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STANLEY A. KOSIEROWSKI v. MADISON LIFE INSURANCE COMPANY (03/03/69)

SUPREME COURT OF NEW YORK, APPELLATE DIVISION, SECOND DEPARTMENT


March 3, 1969

STANLEY A. KOSIEROWSKI, APPELLANT,
v.
MADISON LIFE INSURANCE COMPANY, RESPONDENT

Appeal from an order of the Supreme Court, Nassau County, dated December 20, 1967, dismissed, without costs. An order denying a motion for a new trial, made only on the trial minutes, is not appealable. In any event, the contention relied on in support of the motion was considered on the appeal from the judgment.

Christ, Acting P. J., Brennan, Rabin, Hopkins and Munder, JJ., concur.

Judgment of said court entered January 10, 1968 in favor of defendant after a jury trial, upon the trial court's dismissal of the complaint at the close of the evidence, affirmed, with costs. In this action to recover the face amount of a life insurance policy, plaintiff, the named beneficiary, has conceded that the insured falsely stated in his application for the insurance that he did not have, and had never been told that he had, high blood pressure. The proof adduced admits of no other conclusion. Furthermore, the insured failed to disclose the name of the physician who had treated his hypertensive condition for a period of more than nine months immediately preceding the application. On this state of facts the trial court properly dismissed the complaint on the theory that the insured had made, as a matter of law, a material misrepresentation (cf. Wageman v. Metropolitan Life Ins. Co., 24 A.D.2d 67, affd. 18 N.Y.2d 777; Insurance Law, § 149). One further point needs to be considered. This action was commenced by plaintiff more than two years after the issuance of the policy. The insured died, however, within the two years of issuance. The policy contained the usual clause, which stated: "This policy shall be incontestable after it has been in force during the lifetime of the Insured for a period of two years from its date of issue". The Insurance Law (§ 155, subd. 1, par. [b]) provides in pertinent part: "1. No policy of life insurance * * * shall be delivered or issued for delivery in this state unless it contains in substance the following provision or provisions which in the opinion of the superintendent are more favorable to policyholders: * * * (b) A provision that the policy shall be incontestable after it has been in force during the lifetime of the insured for a period of two years from its date of issue". Thus, the clause in the policy at issue is identical with the statutory clause. This clause has been uniformly construed to allow an insurer to contest a policy after the passage of two years where the insured has died within the period limited (see McKenna v. Metropolitan Life Ins. Co., 220 App. Div. 53; app. dsmd. 247 N. Y. 527; Palmer v. John Hancock Mut. Life Ins. Co., 148 Misc. 324; Home Life Ins. Co. v. Klein, 25 N. Y. S. 2d 215; Greenbaum v. Columbian Nat. Life Ins. Co., 62 F. 2d 56; cf. Shannon v. Metropolitan Life Ins. Co., 146 Misc. 903; Kocak v. Metropolitan Life Ins. Co., 144 Misc. 422, affd. 237 App. Div. 780, affd. 263 N. Y. 518). Plaintiff does not argue otherwise, but contends that if such be the clause's construction he has been denied the equal protection of the laws. The theory of his argument is that, so construed, the clause creates an arbitrary classification between long- and short-lived insureds. We disagree with plaintiff's contention for two reasons. In the first place, we are unable to say that the classification is arbitrary and lacks a rational basis. The insurance industry cannot possibly, at least within the confines of the present rate structure, investigate every application for life insurance. Of necessity, the answers of the insured in the application must be relied upon. And, notwithstanding that the time limiting provision in the statutory clause and its contractual counterpart has foreclosed the insurer from questioning the truth of these answers, it was reasonable to except from the operation of the provision those insureds who, because of their precipitous demise, have cast suspicion upon their representations. As to such insureds the insurer is rightfully alarmed and should not be foreclosed from investigation and contest. There is another reason, more fundamental, for rejecting plaintiff's assertion of unconstitutionality. As noted above, subdivision 1 of section 155 states that the incontestability clause provided in paragraph (b) thereof must be included in life insurance contracts, "unless it [the insurance contract] contains * * * provisions which in the opinion of the superintendent are more favorable to policyholders " (emphasis supplied). Thus, the statutory incontestability clause is not a matter of legislative fiat but may be varied by the parties. And, though the insurance contract is perhaps the prime example of a contract of adhesion, we cannot overlook the fact that plaintiff and his insured were not bound by the statutory language but could have insisted on a clause which would not condition incontestability upon the longevity of the insured. Oddly enough, the predecessor to this statutory provision would furnish the ingredients for just such a clause. It stated that a life insurance policy must contain "A provision that the policy shall be incontestable after two years from its date of issue" (former Insurance Law, § 101, subd. 2 [added by L. 1909, ch. 301] prior to its amendment in 1921 [L. 1921, ch. 407]). That provision was interpreted to require a contest within two years of issuance, irrespective of the insured's intervening death (Mutual Life Ins. Co. v. Hurni Packing Co., 263 U.S. 167; Killian v. Metropolitan Life Ins. Co., 251 N. Y. 44; Piasecki v. Metropolitan Life Ins. Co., 243 N. Y. 637). In the instant circumstances there was no denial of the equal protection of the laws.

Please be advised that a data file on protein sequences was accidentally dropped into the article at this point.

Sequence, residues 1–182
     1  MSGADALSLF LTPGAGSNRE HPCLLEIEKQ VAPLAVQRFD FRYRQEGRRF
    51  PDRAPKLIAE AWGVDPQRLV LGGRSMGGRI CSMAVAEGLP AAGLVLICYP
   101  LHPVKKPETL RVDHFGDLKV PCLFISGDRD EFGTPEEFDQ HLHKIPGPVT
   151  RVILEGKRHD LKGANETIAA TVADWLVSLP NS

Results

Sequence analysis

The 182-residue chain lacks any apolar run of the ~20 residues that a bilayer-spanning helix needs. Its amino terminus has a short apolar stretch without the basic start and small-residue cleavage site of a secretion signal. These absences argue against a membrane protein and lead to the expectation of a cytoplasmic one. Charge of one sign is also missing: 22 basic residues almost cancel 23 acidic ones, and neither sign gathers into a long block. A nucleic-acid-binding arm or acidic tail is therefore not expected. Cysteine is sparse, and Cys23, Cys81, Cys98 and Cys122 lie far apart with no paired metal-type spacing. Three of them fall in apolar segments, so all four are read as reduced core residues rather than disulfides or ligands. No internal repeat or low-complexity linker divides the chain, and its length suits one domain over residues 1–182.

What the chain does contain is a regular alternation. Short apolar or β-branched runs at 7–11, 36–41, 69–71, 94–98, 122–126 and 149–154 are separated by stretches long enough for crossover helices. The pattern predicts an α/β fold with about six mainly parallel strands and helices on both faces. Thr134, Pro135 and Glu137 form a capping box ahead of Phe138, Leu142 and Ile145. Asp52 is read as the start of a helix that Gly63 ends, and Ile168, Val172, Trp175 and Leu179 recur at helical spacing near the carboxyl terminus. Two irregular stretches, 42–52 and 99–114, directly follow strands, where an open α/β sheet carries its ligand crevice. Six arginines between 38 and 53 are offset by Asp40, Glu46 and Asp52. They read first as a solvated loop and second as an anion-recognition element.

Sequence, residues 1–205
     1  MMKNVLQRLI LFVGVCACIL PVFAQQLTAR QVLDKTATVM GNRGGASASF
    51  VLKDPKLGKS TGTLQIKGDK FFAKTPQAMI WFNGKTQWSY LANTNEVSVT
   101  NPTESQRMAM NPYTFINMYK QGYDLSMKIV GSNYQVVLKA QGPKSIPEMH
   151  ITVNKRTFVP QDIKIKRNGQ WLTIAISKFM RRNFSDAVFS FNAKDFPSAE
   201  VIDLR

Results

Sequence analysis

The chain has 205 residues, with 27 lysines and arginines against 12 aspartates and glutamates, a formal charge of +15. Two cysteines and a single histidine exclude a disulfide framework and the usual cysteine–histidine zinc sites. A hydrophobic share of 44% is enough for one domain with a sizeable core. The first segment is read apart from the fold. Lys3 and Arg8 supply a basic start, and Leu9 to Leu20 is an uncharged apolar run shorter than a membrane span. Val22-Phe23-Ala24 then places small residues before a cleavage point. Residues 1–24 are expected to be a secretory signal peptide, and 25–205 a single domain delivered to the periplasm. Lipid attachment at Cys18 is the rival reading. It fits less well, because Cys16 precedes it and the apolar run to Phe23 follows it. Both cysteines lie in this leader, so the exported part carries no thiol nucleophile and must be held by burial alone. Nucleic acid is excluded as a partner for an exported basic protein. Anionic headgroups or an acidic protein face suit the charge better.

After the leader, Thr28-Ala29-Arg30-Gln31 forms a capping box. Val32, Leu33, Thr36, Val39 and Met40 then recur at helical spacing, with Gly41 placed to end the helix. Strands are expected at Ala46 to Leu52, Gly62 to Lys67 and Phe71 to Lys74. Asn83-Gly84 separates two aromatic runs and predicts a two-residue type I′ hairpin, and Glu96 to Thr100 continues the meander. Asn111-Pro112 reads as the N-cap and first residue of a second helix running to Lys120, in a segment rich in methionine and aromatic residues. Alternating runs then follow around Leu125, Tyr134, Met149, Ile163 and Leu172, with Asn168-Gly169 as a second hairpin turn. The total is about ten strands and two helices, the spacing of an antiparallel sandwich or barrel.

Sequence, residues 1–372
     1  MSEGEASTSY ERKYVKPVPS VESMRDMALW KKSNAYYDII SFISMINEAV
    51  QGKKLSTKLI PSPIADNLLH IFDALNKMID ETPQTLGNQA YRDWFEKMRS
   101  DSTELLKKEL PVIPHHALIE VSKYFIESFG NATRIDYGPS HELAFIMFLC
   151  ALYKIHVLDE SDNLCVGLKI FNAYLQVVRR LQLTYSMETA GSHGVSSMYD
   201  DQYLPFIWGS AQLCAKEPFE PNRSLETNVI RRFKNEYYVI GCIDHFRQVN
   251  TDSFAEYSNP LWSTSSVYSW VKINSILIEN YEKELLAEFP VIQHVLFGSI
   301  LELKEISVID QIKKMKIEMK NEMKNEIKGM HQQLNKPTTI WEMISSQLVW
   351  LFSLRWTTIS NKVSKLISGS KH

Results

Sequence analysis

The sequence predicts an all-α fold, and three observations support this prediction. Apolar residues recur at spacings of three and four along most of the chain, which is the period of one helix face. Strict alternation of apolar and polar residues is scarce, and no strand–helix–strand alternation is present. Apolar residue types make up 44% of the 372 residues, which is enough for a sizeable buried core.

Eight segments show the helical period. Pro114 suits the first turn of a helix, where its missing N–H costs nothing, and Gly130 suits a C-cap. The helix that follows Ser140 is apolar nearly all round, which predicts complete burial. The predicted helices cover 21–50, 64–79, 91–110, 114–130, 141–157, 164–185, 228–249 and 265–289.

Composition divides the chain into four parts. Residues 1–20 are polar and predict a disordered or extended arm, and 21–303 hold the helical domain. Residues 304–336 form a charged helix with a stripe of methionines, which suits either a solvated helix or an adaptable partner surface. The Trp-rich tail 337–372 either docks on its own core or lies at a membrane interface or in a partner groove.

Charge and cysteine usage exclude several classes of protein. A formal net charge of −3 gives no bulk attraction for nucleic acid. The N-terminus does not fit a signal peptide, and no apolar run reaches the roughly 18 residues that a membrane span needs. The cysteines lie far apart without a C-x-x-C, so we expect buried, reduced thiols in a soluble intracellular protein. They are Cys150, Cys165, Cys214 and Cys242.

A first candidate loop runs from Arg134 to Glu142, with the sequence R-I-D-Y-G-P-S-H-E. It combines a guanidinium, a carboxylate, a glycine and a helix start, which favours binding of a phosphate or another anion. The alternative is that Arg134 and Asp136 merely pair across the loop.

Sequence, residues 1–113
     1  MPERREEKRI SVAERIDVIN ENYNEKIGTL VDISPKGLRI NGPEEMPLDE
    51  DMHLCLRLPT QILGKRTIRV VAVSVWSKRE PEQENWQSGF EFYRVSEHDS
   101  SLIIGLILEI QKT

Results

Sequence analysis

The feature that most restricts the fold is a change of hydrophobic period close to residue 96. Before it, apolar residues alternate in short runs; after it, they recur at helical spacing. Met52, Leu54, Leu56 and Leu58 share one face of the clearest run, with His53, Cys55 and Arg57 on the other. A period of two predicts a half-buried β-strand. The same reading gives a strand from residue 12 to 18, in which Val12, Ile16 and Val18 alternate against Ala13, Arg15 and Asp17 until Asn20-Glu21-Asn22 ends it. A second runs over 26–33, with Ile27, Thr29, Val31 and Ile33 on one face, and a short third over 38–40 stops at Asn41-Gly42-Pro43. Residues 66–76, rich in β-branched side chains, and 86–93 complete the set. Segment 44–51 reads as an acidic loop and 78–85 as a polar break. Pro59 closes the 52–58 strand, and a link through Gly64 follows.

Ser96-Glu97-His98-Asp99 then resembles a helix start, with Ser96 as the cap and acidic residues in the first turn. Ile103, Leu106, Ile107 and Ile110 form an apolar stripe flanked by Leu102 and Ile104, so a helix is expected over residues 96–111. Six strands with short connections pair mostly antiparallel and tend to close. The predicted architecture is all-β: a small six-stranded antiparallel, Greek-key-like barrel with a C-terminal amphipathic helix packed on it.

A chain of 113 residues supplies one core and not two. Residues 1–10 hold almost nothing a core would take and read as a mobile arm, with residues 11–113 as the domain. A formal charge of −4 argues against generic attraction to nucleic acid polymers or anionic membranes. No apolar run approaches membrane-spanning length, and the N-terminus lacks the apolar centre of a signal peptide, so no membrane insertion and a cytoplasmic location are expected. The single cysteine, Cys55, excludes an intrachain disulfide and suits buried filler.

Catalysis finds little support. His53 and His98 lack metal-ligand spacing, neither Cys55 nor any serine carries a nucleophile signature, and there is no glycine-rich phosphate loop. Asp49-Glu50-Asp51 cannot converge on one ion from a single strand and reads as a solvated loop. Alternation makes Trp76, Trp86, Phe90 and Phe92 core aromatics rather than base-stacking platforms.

19690303

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